Perfect attendance is unsustainable

Sophia Guyton, Staff Writer

The intention of modern education is to offer an environment in which students can thrive as they develop. Cognitively, behaviorally, academically and socially, children are most easily shaped during their school years, meaning that schools have a great deal of responsibility to handle their influence carefully. Unfortunately, abuse of this power is worryingly present in the American education system.

Beginning in elementary school, children are being guided into corrupted priorities as a result of schools trying to get more money. Because schools get paid for student attendance, institutions often create reward systems for children to maximize the amount of students who attend school daily. What schools fail to realize is that this scheme to increase wealth is harming many students

If a student attends school 100% of the time, not missing a single class, they will receive a “Perfect Attendance” award at the end of the year in many American schools. This is nearly impossible to achieve for most students, as occasional sickness is pretty much unavoidable.

Of course, missing out on a paper certificate that declares your perfect attendance is not a monumental loss to most. The real issue is the promotion of the idea that taking days off for your health is a bad thing.

As someone who has always struggled with more health issues than most, I’ve experienced the pressure and guilt that schools place on students to ignore their body’s signs that they need rest. For example, my elementary school used to pass out notices every so often to remind students that they should only miss school if they have a fever, are actively vomiting or are extremely contagious. 

In addition to these notices, many schools have harsh attendance policies that chastise students for missing a certain amount of classes, even if the absences are excused. One school in Colorado writes, “A student will be limited to four excused absences in a month or 10 excused absences in a year” (Weld County School District Attendance Policy). Another school in Texas claims, “Missing more than 10% of class days will result in a loss of credit in that class” (FWISD Student Code of Conduct).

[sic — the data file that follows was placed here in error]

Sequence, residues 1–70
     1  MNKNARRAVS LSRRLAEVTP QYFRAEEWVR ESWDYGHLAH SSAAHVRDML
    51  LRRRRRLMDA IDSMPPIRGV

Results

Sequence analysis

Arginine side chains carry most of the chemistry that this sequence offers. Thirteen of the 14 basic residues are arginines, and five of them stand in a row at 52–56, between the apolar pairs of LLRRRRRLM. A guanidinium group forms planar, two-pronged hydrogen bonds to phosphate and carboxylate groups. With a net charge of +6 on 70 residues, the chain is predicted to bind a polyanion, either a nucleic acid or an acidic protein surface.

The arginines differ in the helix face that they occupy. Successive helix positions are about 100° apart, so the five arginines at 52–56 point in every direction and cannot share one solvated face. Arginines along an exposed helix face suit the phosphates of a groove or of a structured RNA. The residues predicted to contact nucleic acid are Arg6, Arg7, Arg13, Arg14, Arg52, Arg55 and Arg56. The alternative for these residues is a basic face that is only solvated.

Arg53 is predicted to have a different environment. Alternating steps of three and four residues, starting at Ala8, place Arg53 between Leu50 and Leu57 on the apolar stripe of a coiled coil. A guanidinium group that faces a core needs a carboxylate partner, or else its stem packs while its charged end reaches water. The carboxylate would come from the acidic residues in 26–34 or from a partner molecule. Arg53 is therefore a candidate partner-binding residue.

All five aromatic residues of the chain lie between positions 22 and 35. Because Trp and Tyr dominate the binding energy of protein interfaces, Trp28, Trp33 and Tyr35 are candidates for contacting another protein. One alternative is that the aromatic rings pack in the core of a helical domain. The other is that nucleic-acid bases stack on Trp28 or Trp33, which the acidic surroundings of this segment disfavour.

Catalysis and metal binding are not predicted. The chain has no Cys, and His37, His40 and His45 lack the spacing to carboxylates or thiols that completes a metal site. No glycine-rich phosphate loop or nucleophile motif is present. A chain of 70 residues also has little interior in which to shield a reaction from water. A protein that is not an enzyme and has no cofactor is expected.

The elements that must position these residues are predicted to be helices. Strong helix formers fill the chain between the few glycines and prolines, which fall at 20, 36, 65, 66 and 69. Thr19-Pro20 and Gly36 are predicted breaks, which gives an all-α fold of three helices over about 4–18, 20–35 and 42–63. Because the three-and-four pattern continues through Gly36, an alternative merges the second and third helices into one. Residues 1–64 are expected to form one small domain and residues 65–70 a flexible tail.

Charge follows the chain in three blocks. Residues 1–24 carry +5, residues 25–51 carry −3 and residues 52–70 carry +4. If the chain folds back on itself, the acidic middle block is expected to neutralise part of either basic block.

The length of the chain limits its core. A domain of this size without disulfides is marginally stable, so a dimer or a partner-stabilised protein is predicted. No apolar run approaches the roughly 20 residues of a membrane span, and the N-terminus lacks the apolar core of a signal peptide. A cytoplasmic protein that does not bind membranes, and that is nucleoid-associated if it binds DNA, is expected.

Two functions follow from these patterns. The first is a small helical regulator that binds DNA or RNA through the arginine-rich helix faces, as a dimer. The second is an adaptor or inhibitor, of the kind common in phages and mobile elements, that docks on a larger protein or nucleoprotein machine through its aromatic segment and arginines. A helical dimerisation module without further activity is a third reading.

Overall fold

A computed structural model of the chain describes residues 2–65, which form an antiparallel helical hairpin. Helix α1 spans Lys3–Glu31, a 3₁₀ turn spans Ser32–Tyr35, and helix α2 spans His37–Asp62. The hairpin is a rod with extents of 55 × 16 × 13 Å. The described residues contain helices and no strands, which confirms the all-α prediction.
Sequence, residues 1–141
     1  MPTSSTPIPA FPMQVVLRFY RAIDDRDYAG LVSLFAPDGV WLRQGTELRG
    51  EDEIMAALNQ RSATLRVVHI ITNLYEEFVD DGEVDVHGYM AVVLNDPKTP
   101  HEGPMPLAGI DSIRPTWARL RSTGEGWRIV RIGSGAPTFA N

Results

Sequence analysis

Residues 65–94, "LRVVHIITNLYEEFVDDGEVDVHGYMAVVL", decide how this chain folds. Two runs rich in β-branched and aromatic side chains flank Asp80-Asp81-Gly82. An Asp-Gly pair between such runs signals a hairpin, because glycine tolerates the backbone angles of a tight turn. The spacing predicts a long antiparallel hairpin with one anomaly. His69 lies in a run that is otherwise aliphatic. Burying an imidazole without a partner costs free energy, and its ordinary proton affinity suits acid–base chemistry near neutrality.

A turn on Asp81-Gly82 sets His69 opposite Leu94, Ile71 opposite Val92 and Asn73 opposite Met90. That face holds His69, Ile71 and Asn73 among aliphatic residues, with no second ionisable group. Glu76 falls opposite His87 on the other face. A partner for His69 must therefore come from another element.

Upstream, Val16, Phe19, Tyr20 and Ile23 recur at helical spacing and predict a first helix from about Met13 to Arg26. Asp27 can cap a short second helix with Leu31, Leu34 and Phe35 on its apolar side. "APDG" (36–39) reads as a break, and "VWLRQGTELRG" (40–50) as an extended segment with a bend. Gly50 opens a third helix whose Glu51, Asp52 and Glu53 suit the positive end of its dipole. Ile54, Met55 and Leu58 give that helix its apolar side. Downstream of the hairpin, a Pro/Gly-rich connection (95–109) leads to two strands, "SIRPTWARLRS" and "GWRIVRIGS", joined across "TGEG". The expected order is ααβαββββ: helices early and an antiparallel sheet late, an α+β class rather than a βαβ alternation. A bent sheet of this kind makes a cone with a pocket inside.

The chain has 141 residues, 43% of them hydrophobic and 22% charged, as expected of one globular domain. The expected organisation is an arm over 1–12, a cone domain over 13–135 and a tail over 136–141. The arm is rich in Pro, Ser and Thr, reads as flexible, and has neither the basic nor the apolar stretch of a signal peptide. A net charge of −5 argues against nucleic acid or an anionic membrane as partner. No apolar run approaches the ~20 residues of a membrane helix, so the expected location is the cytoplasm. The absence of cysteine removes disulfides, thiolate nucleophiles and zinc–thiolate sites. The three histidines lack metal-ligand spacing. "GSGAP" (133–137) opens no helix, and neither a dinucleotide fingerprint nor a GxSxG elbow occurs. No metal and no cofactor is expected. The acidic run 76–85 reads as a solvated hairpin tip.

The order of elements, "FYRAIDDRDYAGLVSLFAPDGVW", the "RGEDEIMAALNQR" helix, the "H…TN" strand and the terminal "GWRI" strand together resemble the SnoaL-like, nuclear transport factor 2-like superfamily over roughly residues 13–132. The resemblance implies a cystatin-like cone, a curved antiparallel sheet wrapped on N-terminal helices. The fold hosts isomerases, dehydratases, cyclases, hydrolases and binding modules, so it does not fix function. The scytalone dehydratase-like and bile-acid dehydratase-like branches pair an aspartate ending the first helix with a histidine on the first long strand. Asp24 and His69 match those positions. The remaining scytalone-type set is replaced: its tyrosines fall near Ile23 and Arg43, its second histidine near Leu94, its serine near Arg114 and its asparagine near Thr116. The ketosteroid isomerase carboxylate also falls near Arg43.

Though the phrasing varies amongst districts, the perpetuated idea is that school takes priority over health. Especially in a growing child, this is an incredibly dangerous mindset to promote. Children do not need to sacrifice their physical and mental health so that schools can get paid more.

This idea doesn’t stop at daily attendance. Going to the nurse, skipping P.E., and even going to the bathroom in class are highly discouraged. I have many memories of when a student would ask to use the restroom and the conversation would go something like this:

Student: “Miss, can I use the bathroom?”

Teacher: “Is it an emergency?”

Student: “Yes.”

Teacher: “Are you bleeding or about to throw up?”

Student: “No.”

Teacher: “Then it’s not an emergency. Stay in your seat.”

Through all of these experiences, a growing child will accept the ideology that physical and mental health are expendable during school hours. It becomes a hard mindset to shake, and I myself still deal with feeling guilty when I miss school for health reasons.

As humans, we get sick, deal with grief and loss, burn out, and sometimes just need to take breaks. Plus, students with disabilities, mental illnesses, or obligations that keep them out of school are already at a disadvantage with the struggles they endure and the schoolwork they are constantly catching up on. 

Children don’t deserve to be punished for taking care of themselves.